Portulaca oleracea, also known as purslane, has long been used in various traditional medicine systems to relieve pain and edema.1Portulaca oleracea is a warm-climate annual plant originally found in the Middle East, North Africa, and the Indian subcontinent and now cultivated in the Arabian peninsula; Japan, where it is an abundant garden plant from spring to fall;2,3 and throughout the world.
The use of P. oleracea, a member of the Portulacaceae family, as a vegetable as well as herbal medicine dates back several centuries.4 In modern times, purslane has been found to be rich in antioxidants, particularly omega-3 fatty acids, vitamins C and E, beta-carotene, melatonin, and glutathione, as well as several minerals.5,6,7 Currently, it is considered one of the top ten most common plants in the world, and one of the most-used medical plants according to the World Health Organization.6 It is considered a weed in the United States, but is eaten in many parts of the world.
Using two different assays, Uddin et al. determined in 2012 that P. oleracea cultivars exhibited significant antioxidant activity through various growth stages. In addition, the researchers suggested that purslane could provide multiple minerals as well as antioxidants in the context of nutraceutical products and functional food.7 Early this year, Silva et al. studied the antioxidant activity of P. oleracea leaves, flowers, and stems from two different locations in Portugal, with assays revealing significantly greater antioxidant activity in the stems of both samples compared to the leaves and flowers. However, the phenolic extracts of all three plant sections from both samples were found to protect DNA against hydroxyl radicals. The investigators concluded that their findings, particularly related to high antioxidant activity, support the potential benefits of purslane consumption to human health.8
A 2014 analysis of 13 collected purslane accessions revealed significant mineral content (particularly potassium, followed by nitrogen, sodium, calcium, magnesium, phosphorus, iron, zinc, and manganese) and showed that antioxidant activity was more strongly associated with ornamental as opposed to common purslane, the latter of which was richer in mineral content.6
In 2000, Chan et al. found that a 10% ethanolic extract of the dried leaves and stem of a P. oleracea cultivar displayed significant anti-inflammatory and analgesic properties after topical and intraperitoneal, but not oral, administration in comparison to diclofenac sodium, a synthetic drug used as active control. They added that these activities corresponded to the reputed effects of the traditional uses of the wild species.9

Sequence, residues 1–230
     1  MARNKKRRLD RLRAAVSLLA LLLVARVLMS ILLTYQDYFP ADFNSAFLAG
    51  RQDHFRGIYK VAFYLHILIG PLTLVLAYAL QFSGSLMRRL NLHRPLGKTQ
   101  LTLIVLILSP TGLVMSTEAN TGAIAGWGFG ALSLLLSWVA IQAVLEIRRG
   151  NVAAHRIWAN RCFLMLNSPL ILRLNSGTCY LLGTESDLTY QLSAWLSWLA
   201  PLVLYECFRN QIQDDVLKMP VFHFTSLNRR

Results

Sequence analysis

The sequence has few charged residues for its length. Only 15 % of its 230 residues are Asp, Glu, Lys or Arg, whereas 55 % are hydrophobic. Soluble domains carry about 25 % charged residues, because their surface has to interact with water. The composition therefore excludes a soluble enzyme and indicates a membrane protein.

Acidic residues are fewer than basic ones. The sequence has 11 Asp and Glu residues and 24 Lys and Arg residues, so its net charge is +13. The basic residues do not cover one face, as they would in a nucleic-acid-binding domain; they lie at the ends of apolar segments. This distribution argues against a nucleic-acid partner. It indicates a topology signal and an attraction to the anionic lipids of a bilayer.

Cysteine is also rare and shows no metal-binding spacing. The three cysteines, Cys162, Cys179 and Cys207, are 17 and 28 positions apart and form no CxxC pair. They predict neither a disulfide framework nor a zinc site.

Wound healing activity
Rashed et al. reported in 2003 that a crude extract of P. oleracea accelerates wound healing. They used Mus musculus JVI-1 to show that fresh homogenized crude aerial parts of the plant topically applied on excision wound surfaces reduced wound surface areas and increased tensile strength. The best documented contraction was associated with a single dose of 50 mg, followed by two doses of 25 mg each.10
Oral lichen planus treatment
In 2010, Agha-Hosseini et al. conducted a randomized double-blind placebo-controlled 3-month study to assess the effectiveness of purslane in the treatment of oral lichen planus. Thirty-seven symptomatic patients (confirmed by biopsy) were divided into a purslane treatment group (n = 20) and a placebo group (n = 17). The investigators reported that partial to complete clinical improvement was observed in 83% of the treatment group, with no response in the remaining 17%, whereas partial improvement was seen in 17% of the placebo group, 73% had no response, and the condition was aggravated in 10% of the placebo group. No adverse side effects were reported in either group, and the researchers concluded that purslane was clinically effective in treating oral lichen planus and warrants consideration as a treatment option for the disorder.5
In 2001, Radhakrishnan et al. identified several neuropharmacological actions, particularly anti-nociceptive and muscle-relaxing activity, with a range of effects on the central and peripheral nervous system observed in animal studies.1 The betacyanins found in P. oleracea have subsequently been found to confer a protective effect against neurotoxicity, specifically, ameliorating the D-galactose-induced cognitive deficits in senescent mice.11P. oleracea also has been shown to efficiently eliminate the endocrine-disrupting chemical bisphenol A from a hydroponic solution.12
In 2012, Yan et al. showed that three newly isolated homoisoflavonoids, known as portulacanones, and the compound 2,2’-dihydroxy-4’,6’-dimethoxychalcone selectively exhibited in vitro cytotoxic activities against four human cancer cell lines.2
This antioxidant-rich plant is found throughout the world and has long been associated with traditional health care. Modern research into its potential dermatologic uses is ongoing, but the evidence is relatively scarce. There are indications that the antioxidant, anti-inflammatory, and wound healing activity reportedly exhibited by purslane may be harnessed for various cutaneous applications. However, much more research is necessary to determine how extensive a role purslane may play in skin care.